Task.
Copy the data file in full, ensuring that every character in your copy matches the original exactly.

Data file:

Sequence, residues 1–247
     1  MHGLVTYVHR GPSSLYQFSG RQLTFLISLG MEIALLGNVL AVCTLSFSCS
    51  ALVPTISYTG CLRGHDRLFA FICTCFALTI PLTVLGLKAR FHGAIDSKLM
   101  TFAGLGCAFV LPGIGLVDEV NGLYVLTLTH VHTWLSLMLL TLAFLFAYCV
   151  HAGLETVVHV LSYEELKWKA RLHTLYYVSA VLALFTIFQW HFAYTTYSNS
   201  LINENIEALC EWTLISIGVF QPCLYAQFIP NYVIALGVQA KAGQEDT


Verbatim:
Sequence, residues 1–247
     1  MHGLVTYVHR GPSSLYQFSG RQLTFLISLG MEIALLGNVL AVCTLSFSCS
    51  ALVPTISYTG CLRGHDRLFA FICTCFALTI PLTVLGLKAR FHGAIDSKLM
   101  TFAGLGCAFV LPGIGLVDEV NGLYVLTLTH VHTWLSLMLL TLAFLFAYCV
   151  HAGLETVVHV LSYEELKWKA RLHTLYYVSA VLALFTIFQW HFAYTTYSNS
   201  LINENIEALC EWTLISIGVF QPCLYAQFIP NYVIALGVQA KAGQEDT